• The politics of fear: Religion(s), conflict and diplomacy

      Weller, Paul; University of Derby (University of Derby, 2016)
      As historical phenomena, religions (as well as ideologies) have played varied and often ambiguous roles in the context of international relations, violent conflicts, peace-making and diplomacy (Ferguson, 1977; Haynes, 1988), and especially so at the interface between civilisations informed by Christianity and those informed by Islam (Armstrong, 1988; Partner, 1997). This paper focuses on aspects of those roles as the context for these has changed over the past half a century within the context of a broader setting shaped by what has come to be known as the “politics of fear” (Furedi, 2006), originally shaped by the threat of nuclear Mutually Assured Destruction and now by the threat of global terror attacks.
    • The politics of migration in the UK from an artist's perspective - a conversation place No. 6, with a French artist Chris Dugrenier on migration and dance streamed live on May 5, 2015

      Jegede, Francis; University of Derby (Dance4, 2015)
      In this video, Dr Francis Jegede from the University of Derby and a Latin Dance enthusiast, explores the intersection of International Relations, Dance and Politics within the context of current debate and controversies surrounding the issue of migration in the UK. The video was produced by Dance4 under their Conversation Place project. A Conversation Place is a Dance4 project that brings together intriguing and provoking combinations of people who wouldn't normally meet face-to-face to shine a new light on the discourse that surrounds contemporary dance and choreographic practice. Project was set up with the hope that brief glimpses of the lives and ideas of Dance4 guest speakers and friends, shared online, can open up different perspectives on social issues and challenges facing society in Great Britain and beyond. Dance4 is an international centre for the development of extraordinary 21st century dance. A unique voice in the UK dance sector. Their work supports artists and practitioners who are interested in the development of dance as a tool for community development.
    • Politics, research design, and the ‘architecture’ of criminal careers studies

      Farrall, Stephen; University of Derby (Oxford University Press, 2021-04-22)
      Criminal careers research is one of the bedrocks – if not the bedrock – of criminology. It remains a key focal point of criminological research, and has embraced ideas and theorising from sociology, psychology, psychiatry and urban and community studies. Despite the widening of the landscape of what might be termed ‘the criminological enterprise’ (to include victimology, prisons research, punishment, deterrence, and environmental criminology), criminal careers (now differentiated into studies of onset, persistence and desistance) remains a key plank of criminology. This article critiques the research design of longitudinal studies of criminal careers, arguing that a key explanatory factor has been consistently overlooked in criminal careers research, due, in part, to the research design of such studies. In focussing on the role of politically-motivated changes to economic policies and the re-structuring of the industrial base this produced, I empirically relate individual offending careers to politics in way very few have done before. The article touches upon a series of suggestions for how empirical studies of criminal careers might be improved.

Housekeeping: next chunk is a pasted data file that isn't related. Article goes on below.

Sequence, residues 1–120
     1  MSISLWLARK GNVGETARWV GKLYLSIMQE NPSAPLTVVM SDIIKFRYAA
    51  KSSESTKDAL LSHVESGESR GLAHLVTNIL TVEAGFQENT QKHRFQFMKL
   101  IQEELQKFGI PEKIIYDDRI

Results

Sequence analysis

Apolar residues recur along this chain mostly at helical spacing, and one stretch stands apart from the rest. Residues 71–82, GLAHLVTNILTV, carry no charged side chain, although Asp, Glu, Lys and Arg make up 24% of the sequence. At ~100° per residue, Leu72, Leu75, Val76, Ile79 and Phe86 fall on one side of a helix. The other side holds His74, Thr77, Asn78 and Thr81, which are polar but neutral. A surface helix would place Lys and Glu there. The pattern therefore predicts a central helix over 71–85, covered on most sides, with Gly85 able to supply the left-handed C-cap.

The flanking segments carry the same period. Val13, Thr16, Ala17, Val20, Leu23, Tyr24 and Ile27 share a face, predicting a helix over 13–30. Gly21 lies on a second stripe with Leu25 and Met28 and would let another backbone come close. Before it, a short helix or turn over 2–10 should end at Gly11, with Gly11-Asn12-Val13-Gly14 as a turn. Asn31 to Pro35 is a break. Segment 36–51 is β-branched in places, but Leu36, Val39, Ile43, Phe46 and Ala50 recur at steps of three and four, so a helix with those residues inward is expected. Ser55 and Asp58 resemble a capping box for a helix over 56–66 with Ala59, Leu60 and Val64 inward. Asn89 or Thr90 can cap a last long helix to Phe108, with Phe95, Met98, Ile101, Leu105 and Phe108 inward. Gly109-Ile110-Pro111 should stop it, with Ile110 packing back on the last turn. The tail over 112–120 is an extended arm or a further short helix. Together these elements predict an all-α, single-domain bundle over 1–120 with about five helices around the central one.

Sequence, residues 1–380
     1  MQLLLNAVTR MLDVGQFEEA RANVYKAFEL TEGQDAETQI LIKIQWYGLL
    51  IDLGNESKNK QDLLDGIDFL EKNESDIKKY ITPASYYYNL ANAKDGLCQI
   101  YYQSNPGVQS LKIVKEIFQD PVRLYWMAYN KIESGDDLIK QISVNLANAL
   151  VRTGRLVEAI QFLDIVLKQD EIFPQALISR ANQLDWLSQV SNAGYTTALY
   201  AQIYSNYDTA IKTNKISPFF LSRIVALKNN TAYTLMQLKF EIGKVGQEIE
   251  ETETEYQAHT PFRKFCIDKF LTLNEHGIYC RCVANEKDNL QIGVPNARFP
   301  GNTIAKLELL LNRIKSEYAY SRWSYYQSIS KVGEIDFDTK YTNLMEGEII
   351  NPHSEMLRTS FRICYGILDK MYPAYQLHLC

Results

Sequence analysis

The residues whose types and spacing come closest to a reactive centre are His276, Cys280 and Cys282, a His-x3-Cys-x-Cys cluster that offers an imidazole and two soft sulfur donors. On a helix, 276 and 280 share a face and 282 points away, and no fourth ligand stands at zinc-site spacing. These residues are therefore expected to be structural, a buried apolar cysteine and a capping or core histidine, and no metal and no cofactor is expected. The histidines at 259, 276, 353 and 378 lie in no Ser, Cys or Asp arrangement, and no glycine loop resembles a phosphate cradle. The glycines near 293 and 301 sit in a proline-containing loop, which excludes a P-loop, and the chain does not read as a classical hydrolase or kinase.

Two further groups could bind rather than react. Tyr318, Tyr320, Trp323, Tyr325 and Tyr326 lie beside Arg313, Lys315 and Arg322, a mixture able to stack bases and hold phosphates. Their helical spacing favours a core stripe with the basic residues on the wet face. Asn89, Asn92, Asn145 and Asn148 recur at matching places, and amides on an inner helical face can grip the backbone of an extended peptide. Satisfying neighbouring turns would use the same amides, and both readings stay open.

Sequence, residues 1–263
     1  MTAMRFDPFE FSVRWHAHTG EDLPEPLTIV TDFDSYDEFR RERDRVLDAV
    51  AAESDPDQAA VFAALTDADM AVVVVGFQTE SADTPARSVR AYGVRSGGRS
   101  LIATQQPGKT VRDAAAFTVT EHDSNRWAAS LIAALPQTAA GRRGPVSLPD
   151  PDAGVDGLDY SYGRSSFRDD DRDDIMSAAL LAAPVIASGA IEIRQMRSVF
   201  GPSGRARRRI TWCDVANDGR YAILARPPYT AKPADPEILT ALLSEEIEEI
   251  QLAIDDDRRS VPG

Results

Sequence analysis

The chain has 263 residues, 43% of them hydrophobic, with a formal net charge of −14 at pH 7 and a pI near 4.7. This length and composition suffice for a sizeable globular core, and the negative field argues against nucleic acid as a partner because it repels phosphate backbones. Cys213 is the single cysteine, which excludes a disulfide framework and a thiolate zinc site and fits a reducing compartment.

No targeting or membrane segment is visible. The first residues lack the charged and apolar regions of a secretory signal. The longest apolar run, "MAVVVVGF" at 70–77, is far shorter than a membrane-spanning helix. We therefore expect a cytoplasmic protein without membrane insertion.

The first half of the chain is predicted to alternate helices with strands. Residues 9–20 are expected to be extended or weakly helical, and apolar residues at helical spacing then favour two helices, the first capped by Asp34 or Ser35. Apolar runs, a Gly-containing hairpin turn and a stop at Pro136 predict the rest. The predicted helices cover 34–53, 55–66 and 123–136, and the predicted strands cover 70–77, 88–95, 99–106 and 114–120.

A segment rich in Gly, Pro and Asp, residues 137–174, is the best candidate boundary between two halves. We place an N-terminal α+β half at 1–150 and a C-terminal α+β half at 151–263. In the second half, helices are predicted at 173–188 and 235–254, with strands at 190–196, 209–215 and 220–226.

• Politics, social and economic change and crime: exploring the impact of contextual effects on offending trajectories

      Farrall, Stephen; Gray, Emily; Jones, Phillip Mike; University of Derby (Sage, 2020-08-11)
      Do government policies increase the likelihood that some citizens will become persistent criminals? What is the role of other organisations and institutions in mediating offending over the life-course? Using concepts derived from criminology (such as the idea of a ‘criminal career’, an individual’s repeated, longitudinal sequence of offending), and concepts such as the life-course from sociology, this paper assesses the outcome of macro-level economic policies on individuals’ engagement in crime from age 10 to 30. Whilst many studies have explored the impact of 1980s ‘New Right’ governments on welfare spending, housing and the economy, few studies in political science, sociology or criminology have directly linked macro-economic policies to individual offending careers. Employing individual-level longitudinal data, we track a sample of Britons born in 1970 from childhood to adulthood, examining their offending trajectories between ages 10 and 30, and hence through a period of dramatic economic and social change in the UK throughout the early-1980s, during which the economy was dramatically restructured. As such, we are primarily concerned with the effects of economic policies on an individual’s repeated offending. Using data from the British 1970 Birth Cohort Study, we develop a model that incorporates individuals, families and schools, and which takes account of national-level economic policies (which were driven by New Right political ideas) and which, we argue, shaped individual offending careers. Our paper suggests that processes of economic restructuring were a key causal factor in offending during this period. This broader framework also emphasises the importance of considering political and economic forces in criminal careers and related research. The paper therefore encourages criminologists to draw upon ideas from political science when developing explanations of offending careers, and shows how the choices over the political management of the economy encourage individual-level responses.